Advancing Health Equity in Rural America

The challenges to health equity in rural America are formidable, but countless promising efforts are underway across the country.

A concern for equity leads us to address disparities in health and in opportunities for good health both by place (rural versus urban) and within rural places by race and class.

The health of rural Americans matters for our nation overall. More than one in every seven Americans lives in a rural place, and rural regions play a vital role in the U.S. economy. Rural residents, in general, are disadvantaged by place—facing geographic barriers to services, resources, and opportunities. Within rural areas, low-income people are doubly disadvantaged by place and class, and low-income rural people of color are multiply disadvantaged by place, race, and class.

This report, produced in partnership with the University of California, San Francisco, assists those working to improve health, well-being, and equity in rural America. It is directed not only to those working in public health or healthcare, but also to those working in other fields—such as rural development, community development, housing, and education—that powerfully shape health.

Recommendations to Advance Rural Health Equity

  • Make long-term economic and community development the centerpiece of any strategy to advance rural health equity, targeting rural areas with persistent poverty.
  • Focus on dismantling systemic racism in rural areas through strategies that increase economic opportunity for and end the disenfranchisement of rural people of color.
  • Invest in educational opportunities for rural residents, particularly those living in poverty and people of color.
  • Ensure that all rural residents have reliable internet access, which is crucial for education, employment, telemedicine, and full participation in contemporary society.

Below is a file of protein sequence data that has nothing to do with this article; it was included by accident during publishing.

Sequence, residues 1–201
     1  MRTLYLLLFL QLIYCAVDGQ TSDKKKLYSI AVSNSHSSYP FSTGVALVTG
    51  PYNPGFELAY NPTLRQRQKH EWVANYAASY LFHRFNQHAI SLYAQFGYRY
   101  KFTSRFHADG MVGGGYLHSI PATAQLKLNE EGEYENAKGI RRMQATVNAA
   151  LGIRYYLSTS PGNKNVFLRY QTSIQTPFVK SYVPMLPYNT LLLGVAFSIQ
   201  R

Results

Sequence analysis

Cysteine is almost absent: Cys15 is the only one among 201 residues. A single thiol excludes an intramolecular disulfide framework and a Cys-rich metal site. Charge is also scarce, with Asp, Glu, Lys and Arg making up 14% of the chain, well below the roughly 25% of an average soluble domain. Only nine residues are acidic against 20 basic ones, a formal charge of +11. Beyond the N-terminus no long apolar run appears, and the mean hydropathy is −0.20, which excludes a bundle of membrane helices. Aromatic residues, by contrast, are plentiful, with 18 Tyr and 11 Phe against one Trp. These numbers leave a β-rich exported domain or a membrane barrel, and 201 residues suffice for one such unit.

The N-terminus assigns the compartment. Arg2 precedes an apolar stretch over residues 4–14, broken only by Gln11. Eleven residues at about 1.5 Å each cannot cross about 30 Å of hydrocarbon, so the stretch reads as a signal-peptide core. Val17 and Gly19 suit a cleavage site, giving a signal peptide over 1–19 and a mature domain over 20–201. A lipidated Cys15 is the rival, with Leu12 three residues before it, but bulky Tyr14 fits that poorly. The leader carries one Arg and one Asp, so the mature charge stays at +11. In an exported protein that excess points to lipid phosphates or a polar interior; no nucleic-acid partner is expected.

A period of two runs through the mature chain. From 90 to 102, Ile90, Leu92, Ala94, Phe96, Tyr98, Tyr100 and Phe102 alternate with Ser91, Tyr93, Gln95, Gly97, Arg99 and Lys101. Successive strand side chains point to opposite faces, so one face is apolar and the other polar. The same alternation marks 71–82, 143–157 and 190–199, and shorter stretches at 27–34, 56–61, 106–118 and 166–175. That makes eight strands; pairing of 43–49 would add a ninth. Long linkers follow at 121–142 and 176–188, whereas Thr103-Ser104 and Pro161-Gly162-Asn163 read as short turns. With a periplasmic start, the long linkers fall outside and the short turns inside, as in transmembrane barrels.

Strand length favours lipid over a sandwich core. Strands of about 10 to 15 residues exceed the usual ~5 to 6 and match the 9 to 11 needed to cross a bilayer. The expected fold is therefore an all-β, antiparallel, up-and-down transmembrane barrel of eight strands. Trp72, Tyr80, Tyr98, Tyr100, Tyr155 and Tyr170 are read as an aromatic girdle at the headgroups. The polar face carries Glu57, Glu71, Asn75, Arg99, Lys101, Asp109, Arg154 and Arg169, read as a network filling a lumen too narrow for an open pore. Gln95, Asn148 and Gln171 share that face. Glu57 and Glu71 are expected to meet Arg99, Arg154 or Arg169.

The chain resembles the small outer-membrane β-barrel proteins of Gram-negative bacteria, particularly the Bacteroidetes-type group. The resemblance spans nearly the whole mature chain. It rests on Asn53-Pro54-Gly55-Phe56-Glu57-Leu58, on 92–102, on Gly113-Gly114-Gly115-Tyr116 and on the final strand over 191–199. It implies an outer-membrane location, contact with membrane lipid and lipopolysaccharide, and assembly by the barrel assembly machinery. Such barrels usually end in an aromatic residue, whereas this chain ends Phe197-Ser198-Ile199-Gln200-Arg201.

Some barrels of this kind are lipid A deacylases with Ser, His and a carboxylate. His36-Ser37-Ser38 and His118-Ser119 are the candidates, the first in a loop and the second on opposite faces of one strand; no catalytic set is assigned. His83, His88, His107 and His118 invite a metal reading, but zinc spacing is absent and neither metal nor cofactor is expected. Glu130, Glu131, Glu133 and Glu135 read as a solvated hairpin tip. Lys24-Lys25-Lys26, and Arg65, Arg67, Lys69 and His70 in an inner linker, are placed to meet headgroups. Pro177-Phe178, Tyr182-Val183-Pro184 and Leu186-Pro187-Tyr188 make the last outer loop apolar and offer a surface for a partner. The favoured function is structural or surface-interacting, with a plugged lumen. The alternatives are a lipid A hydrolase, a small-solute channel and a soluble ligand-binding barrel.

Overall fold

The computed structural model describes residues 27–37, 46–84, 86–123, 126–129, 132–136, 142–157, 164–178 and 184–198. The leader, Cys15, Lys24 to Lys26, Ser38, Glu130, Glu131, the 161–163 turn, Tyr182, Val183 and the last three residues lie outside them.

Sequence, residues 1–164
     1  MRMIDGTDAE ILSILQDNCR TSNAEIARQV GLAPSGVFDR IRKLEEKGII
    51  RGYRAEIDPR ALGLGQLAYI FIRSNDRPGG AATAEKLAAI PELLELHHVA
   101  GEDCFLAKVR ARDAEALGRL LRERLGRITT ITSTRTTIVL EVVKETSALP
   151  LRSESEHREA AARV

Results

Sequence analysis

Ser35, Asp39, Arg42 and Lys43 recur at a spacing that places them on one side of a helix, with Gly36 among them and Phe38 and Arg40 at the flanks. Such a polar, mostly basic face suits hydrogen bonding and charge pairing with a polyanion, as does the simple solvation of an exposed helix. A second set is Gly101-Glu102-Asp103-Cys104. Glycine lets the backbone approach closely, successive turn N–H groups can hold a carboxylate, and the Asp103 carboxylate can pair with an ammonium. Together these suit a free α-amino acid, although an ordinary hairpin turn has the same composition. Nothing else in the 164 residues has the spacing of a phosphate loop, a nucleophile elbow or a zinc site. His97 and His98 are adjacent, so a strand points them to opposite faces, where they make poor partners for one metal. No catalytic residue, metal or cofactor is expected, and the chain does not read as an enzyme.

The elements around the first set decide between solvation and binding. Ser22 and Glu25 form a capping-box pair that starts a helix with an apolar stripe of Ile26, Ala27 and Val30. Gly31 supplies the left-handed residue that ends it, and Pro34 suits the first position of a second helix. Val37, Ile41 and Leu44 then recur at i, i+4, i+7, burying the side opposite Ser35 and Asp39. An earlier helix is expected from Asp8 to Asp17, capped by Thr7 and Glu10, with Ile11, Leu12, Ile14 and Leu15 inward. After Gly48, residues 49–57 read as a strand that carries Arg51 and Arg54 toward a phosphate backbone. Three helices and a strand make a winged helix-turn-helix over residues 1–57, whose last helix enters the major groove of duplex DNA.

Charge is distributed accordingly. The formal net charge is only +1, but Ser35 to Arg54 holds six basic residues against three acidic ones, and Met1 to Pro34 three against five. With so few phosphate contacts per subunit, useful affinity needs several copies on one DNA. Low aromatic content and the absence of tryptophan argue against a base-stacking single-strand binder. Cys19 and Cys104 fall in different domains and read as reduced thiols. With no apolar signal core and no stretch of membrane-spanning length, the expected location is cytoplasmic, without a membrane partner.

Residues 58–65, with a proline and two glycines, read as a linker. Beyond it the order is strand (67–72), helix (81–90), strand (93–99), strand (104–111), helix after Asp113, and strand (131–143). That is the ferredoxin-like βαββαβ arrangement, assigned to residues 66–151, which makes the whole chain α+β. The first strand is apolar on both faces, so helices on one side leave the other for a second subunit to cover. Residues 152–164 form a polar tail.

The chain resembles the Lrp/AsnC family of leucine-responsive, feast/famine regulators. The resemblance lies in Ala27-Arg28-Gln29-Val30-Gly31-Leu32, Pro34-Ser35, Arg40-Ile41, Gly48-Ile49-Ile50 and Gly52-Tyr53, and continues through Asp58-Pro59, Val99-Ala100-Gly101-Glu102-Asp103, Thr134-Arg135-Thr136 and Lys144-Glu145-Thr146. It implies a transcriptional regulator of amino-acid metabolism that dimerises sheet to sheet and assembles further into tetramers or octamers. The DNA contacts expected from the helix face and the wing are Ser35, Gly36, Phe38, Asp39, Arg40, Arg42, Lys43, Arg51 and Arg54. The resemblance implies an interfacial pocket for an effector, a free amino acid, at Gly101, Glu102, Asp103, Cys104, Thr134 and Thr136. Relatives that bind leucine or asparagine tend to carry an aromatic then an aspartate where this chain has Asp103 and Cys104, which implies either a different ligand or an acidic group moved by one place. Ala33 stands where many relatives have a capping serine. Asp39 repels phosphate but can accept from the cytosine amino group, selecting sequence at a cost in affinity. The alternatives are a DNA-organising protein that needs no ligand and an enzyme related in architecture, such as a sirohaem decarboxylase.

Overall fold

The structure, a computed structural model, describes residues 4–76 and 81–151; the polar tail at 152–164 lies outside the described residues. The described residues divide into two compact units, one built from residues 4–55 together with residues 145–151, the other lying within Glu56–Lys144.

• End the suppression of Indigenous, African American, and Latino/Hispanic voters by increasing opportunities for voter registration and enacting universal mail-in voting in every state.
  • Invest in transportation innovations, such as rural car-sharing.
  • Break down other rural barriers to healthcare by constructing and maintaining rural clinics that address social as well as healthcare needs; training and supporting rural community health workers; implementing telehealth; and more.
  • Support innovation, testing, and adaptation of interventions that have been effective at advancing equity in health and its determinants in urban settings and appear promising for rural environments.

Key Findings

  • Rural communities have many cultural, organizational, and individual assets that can be—and are being—used to promote health equity. Examples include strong civic bonds, community-based organizations and nonprofits, faith-based organizations, and educational institutions.

  • As compared to their urban counterparts, rural residents are disproportionately impacted by preventable cancers, severe maternal morbidity, opioid misuse, and they are less likely to receive critical healthcare services such as cancer screenings and childbirth care.

  • Within the rural population, there also are wide disparities in health and mortality among socioeconomic groups. Worse health is consistently associated with lower education or income.

While the challenges to achieving health equity in rural America are formidable, it is heartening that so many promising efforts—such as the examples presented in the full report—are now underway in many regions of the country. These examples reflect important assets of rural communities that provide rich soil in which innovations can be conceived and flourish.

What is Health Equity

Consensus around the definition of health equity can help bridge divides and foster productive dialogue among diverse stakeholder groups.

Read the report